Improving social skills

People with ADD / ADHD often miss or misinterpret the verbal and nonverbal social cues that most people take for granted. They interrupt conversations, often with irrelevant comments or questions. They let their attention wander, making it look as if they don’t consider what others are saying as important. They talk on and on, not noticing that others are becoming bored or exasperated. As a result, folks with ADD / ADHD are sometimes seen as rude, insensitive, and socially inept—qualities that take their toll on friendships and relationships, not to mention self-esteem.In order to engage in two-way conversations and build relationships like everyone else, you need to retrain your brain to make space for what other people are communicating with their words, facial expressions, and body language.
  • Be mindful – Focus on the speaker and on what is being said as the most important information you need to hear right now. If necessary, check with the speaker to make sure you got the information right.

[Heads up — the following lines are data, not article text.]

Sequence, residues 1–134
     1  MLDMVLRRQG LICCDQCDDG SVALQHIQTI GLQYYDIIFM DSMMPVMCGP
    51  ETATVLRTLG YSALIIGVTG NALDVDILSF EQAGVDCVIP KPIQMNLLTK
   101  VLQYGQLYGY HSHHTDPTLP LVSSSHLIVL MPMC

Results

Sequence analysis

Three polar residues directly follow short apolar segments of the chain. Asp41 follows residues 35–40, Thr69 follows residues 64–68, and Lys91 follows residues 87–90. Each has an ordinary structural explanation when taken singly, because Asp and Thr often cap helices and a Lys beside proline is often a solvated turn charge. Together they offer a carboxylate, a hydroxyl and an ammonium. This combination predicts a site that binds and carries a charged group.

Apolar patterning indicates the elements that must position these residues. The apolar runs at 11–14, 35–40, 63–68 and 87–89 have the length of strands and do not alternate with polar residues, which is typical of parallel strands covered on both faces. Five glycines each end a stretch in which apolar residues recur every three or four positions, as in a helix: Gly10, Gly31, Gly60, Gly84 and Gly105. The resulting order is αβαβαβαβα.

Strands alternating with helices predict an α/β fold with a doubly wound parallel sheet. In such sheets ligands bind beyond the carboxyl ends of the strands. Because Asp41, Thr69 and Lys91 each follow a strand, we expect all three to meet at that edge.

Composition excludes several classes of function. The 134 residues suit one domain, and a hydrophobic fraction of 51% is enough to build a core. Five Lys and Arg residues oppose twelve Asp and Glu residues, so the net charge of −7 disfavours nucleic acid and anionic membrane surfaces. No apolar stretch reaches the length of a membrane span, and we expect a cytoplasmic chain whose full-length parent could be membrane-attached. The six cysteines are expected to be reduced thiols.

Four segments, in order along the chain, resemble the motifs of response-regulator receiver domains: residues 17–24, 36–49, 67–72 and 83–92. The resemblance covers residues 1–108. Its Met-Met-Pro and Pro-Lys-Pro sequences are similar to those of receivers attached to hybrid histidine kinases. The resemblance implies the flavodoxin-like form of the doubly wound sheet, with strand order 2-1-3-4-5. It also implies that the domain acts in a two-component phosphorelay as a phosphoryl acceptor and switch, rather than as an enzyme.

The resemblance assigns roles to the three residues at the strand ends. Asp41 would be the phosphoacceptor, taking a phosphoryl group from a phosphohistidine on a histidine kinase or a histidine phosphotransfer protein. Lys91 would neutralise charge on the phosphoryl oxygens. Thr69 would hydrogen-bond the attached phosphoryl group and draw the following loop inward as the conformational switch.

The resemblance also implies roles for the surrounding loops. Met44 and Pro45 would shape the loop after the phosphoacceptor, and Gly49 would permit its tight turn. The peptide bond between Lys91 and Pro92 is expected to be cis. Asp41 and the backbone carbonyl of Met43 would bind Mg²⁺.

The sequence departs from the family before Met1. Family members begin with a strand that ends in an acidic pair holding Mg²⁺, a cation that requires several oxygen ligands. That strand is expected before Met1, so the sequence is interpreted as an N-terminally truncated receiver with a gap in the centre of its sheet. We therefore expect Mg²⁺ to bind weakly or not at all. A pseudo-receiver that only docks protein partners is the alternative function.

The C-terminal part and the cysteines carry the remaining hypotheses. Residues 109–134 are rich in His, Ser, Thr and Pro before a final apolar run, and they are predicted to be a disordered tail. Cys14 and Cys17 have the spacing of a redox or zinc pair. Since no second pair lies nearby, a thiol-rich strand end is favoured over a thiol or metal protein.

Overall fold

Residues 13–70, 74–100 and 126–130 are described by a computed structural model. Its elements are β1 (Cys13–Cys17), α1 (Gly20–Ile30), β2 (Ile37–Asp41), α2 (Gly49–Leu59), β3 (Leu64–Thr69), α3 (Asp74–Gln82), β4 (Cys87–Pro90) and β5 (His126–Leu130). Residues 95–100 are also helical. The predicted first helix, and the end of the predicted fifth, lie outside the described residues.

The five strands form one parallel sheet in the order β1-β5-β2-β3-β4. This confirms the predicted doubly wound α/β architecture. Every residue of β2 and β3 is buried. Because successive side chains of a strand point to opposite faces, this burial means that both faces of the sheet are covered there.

• Pace your conversation – Pause after expressing each point in a conversation, and wait for a response before continuing to talk. Engage the listener, then listen carefully to the other person’s response.
  • Avoid promises – Learn to say “I will do my best” or “I can’t guarantee it, but I’ll try.” This may not be the reply the other person wants to hear, but it is better than a broken commitment.
  • Observe how other people interact – Choose role models at work and in your personal life and watch how they communicate.
  • Practice, practice, practice – Rehearse skills, such as focusing on other people’s words and waiting for a response, by yourself and with other people. In certain situations, you might be able to enlist a friend to give you a signal if you’re talking too much.
  • Show your strengths – Becoming a good listener doesn’t mean you have to hide your knowledge, cleverness, or sense of humor. The idea is to be the smart, fun person you are without monopolizing the conversation.